Thrombotic Events in Patients with Congenital Prekallikrein Deficiency: A Critical Evaluation of All Reported CasesGirolami A.a · Allemand E.a · Bertozzi I.a · Candeo N.a · Marun S.a · Girolami B.b
aDepartment of Medical and Surgical Sciences, University of Padua Medical School and bDivision of General Medicine, Padua City Hospital, Padua, Italy
The occurrence of thrombotic events in patients with congenital bleeding conditions has received considerable attention in recent years. The same is true for asymptomatic defects of factors of the contact phase of blood coagulation, mainly FXII. Anecdotal reports on thrombosis in patients with prekallikrein deficiency have occasionally been reported. These involved both arterial and venous thrombosis. The purpose of the present article is to analyze the stories and the clinical pictures of all 75 cases of prekallikrein deficiency published so far. Among these patients were 9 with thrombosis, 6 arterial (myocardial infarction and ischemic stroke) and 3 venous (deep vein thrombosis with or without pulmonary embolism). In 6 cases acquired thrombosis risk factors were present; in 2 cases no associated risk factors were present and in 1 case no information was supplied in this regard. One patient who presented both a stroke and a pulmonary embolism had a fatal outcome. The article clearly indicates that prekallikrein deficiency does not protect from thrombosis in spite of the severe in vitro coagulation defect.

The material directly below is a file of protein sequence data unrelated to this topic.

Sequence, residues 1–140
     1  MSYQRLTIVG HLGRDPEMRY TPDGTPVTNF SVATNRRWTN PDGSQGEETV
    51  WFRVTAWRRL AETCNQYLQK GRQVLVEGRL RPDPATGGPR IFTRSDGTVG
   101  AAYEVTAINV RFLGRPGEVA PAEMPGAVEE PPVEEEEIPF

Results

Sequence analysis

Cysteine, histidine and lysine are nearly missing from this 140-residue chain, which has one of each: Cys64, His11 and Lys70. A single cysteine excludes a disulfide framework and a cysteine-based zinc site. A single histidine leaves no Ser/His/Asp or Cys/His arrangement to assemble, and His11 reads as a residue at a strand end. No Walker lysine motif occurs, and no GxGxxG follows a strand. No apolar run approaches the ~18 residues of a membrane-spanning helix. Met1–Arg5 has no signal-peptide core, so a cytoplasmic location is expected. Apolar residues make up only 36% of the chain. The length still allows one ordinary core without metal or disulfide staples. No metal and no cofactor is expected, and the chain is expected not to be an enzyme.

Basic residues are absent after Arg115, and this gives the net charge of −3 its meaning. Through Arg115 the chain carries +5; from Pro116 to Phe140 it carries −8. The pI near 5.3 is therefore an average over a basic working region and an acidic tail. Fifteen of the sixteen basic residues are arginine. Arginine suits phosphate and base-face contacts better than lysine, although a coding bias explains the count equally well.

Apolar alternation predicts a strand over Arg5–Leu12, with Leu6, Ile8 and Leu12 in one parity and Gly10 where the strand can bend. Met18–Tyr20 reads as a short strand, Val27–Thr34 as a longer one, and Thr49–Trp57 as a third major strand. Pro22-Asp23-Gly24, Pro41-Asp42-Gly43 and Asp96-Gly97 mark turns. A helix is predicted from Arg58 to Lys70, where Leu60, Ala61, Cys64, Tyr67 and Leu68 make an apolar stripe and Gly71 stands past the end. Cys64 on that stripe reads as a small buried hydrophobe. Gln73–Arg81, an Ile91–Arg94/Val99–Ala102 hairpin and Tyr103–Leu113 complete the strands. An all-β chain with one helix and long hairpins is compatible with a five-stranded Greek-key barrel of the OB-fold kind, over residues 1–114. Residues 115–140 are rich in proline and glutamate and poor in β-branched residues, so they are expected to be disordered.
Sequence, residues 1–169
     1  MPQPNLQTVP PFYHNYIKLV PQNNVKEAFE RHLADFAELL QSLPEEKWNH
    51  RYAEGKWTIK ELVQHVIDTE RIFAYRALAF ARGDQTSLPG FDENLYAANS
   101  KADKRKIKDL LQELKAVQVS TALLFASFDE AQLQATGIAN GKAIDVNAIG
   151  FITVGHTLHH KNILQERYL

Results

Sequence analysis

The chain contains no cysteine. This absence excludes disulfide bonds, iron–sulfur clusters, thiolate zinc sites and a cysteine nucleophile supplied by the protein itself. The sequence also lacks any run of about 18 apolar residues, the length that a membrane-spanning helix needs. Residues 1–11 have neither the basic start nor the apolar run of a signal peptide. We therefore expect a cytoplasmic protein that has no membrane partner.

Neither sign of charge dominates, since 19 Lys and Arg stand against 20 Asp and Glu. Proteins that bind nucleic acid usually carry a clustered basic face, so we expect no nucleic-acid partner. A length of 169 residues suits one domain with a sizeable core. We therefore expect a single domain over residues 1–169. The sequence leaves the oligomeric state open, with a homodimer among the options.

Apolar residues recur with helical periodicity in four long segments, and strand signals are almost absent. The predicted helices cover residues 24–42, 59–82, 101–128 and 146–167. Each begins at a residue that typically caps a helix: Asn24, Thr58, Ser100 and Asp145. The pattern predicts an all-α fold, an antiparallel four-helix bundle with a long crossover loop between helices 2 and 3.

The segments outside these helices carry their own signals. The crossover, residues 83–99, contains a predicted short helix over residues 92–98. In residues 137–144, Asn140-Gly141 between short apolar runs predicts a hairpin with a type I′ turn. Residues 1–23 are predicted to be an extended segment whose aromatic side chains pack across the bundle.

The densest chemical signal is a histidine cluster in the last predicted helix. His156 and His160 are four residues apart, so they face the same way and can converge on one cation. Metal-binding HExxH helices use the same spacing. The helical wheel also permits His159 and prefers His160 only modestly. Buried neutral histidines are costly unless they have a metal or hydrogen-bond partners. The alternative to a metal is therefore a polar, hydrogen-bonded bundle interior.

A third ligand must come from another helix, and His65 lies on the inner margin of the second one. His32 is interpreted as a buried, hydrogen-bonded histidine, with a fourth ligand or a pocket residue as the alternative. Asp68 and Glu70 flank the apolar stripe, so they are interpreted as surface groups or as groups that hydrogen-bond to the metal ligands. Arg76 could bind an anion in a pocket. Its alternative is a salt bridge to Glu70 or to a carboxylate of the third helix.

© 2010 S. Karger AG, Basel
This study was supported in part by the Associazione Emofilia ed altre Coagulopatie Tre Venezie.
S.M. was on scientific leave of absence from the Centro Medico de Cordoba, Cordoba, Argentina.
Received: January 7, 2010
Accepted after revision: February 24, 2010
Published online: April 27, 2010
Number of Print Pages : 5
Number of Figures : 0, Number of Tables : 1, Number of References : 47
Vol. 123, No. 4, Year 2010 (Cover Date: May 2010)
Journal Editor: Ben-Bassat I. (Qiryat-Ono)
ISSN: 0001-5792 (Print), eISSN: 1421-9662 (Online)
For additional information: http://www.karger.com/AHA